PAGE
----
U.S. and Afghan troops did in fact break through a locked gate outside of a Doctors Without Borders/Médecins Sans Frontières (MSF) clinic last week in Kunduz, Afghanistan, where 22 patients and staff were killed in a U.S. military bombing days earlier, a Department of Defense official admitted Monday.
Pentagon spokesperson Jeff Davis said the soldiers who forced open the gate did not believe the charity hospital was still occupied and that they plan to "make it right and make sure that that gate is repaired."
But MSF's response to the gate crash showed the medical charity had different concerns—including the troops' intentions on the site.
"Their unannounced and forced entry damaged property, destroyed potential evidence and caused stress and fear for the MSF team," a spokesperson for the group told Agence France-Presse last week. Moreover, the break-in occurred "despite an agreement made between MSF and the joint investigation team that MSF would be given notice before each step of the procedure," she said.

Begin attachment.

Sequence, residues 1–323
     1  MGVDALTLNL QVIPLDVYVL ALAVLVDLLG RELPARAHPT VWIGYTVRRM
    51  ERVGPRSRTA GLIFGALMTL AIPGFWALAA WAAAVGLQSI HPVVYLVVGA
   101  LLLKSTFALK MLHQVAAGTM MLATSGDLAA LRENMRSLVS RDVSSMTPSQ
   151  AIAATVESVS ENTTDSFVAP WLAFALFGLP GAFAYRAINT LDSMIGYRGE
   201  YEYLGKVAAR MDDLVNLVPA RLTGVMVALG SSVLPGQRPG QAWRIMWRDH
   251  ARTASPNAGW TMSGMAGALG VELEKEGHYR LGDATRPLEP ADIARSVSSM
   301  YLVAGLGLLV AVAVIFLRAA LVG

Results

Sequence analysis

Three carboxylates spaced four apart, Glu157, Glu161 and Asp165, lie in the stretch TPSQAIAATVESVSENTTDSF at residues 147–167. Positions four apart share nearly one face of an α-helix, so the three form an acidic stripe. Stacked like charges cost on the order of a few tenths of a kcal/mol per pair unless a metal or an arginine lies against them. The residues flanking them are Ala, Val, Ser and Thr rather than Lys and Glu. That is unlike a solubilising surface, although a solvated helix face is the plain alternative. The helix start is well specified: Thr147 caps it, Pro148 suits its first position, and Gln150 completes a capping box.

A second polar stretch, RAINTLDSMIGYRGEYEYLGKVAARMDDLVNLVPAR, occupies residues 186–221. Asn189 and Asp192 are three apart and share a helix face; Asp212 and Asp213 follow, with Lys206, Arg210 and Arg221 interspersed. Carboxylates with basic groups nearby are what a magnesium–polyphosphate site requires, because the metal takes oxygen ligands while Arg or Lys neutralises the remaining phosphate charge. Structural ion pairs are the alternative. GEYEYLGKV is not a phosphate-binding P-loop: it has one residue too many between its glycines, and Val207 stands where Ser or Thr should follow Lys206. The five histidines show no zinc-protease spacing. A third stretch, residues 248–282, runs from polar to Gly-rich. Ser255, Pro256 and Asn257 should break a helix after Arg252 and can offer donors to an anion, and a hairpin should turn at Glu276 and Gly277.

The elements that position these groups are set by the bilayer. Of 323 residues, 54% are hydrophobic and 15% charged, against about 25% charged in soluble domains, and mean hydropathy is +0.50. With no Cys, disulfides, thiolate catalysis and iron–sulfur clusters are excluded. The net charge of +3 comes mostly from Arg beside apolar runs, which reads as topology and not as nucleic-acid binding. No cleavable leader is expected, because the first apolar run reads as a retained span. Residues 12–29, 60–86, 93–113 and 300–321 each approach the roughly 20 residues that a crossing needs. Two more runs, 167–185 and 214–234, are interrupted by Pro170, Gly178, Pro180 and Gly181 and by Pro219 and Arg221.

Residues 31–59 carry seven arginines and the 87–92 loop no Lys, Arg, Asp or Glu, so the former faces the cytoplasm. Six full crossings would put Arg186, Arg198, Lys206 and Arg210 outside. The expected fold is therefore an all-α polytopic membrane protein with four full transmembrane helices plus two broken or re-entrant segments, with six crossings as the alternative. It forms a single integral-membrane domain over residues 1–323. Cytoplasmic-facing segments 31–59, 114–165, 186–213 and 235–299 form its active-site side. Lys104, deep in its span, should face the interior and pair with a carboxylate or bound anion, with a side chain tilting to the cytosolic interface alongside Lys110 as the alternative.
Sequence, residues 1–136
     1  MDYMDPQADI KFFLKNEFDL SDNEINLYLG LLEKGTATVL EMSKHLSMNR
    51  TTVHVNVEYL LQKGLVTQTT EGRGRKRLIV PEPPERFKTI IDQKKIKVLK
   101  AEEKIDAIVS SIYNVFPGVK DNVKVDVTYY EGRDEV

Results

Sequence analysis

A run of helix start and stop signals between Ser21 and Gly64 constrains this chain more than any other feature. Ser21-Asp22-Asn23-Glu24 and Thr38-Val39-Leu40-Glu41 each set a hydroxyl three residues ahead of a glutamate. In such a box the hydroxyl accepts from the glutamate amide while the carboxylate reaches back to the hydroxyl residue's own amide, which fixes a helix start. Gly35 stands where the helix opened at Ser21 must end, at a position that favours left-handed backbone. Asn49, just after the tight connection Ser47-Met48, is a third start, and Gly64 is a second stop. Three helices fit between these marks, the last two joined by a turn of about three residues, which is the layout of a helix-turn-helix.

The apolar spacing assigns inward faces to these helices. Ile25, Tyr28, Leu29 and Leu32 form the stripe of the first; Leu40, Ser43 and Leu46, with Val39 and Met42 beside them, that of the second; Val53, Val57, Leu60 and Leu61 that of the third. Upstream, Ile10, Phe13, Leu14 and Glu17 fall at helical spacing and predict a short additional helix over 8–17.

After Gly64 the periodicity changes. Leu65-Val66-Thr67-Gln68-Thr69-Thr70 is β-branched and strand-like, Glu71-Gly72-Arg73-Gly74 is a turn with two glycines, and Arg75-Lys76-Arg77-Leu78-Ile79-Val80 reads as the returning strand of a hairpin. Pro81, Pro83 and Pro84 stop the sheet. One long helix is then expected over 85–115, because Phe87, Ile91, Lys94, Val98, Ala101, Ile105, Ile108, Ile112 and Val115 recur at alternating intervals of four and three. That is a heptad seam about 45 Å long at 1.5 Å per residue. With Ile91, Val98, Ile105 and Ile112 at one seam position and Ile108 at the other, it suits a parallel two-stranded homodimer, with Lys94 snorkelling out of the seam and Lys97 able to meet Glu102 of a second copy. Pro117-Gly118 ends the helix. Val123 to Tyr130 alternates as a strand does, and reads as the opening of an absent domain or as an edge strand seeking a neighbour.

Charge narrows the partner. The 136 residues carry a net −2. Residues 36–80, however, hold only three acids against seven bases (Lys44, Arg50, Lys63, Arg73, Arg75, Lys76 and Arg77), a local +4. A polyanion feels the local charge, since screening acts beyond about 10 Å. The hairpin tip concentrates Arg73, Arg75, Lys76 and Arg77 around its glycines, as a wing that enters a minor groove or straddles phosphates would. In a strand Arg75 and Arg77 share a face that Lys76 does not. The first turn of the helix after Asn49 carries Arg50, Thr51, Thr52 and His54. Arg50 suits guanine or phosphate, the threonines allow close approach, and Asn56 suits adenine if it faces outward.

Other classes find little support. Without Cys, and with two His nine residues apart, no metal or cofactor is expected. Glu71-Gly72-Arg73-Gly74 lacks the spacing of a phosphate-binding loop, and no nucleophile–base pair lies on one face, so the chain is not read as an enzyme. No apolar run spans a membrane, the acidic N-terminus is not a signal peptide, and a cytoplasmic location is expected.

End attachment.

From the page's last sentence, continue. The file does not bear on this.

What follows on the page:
Although the Pentagon admitted fault in the gate-crashing incident, it maintained its most recent position that the October 3 bombing was targeting Taliban militants using the charity hospital as a hideout. MSF has consistently denied those claims and called for an independent investigation into the attack, which it says occurred even though fighters on both sides were aware of the clinic's exact GPS coordinates. The medical charity recently launched a petition calling on President Barack Obama to consent to an inquiry by the International Humanitarian Fact-Finding Commission (IHFFC), "the only permanent body set up specifically to investigate violations of international humanitarian law."
"Respect for the laws of war is what protects our staff and patients in conflict zones throughout the world," Jason Cone, executive director of MSF-USA, said last week. "There must be an independent and impartial investigation to establish the facts of this horrific attack on our hospital."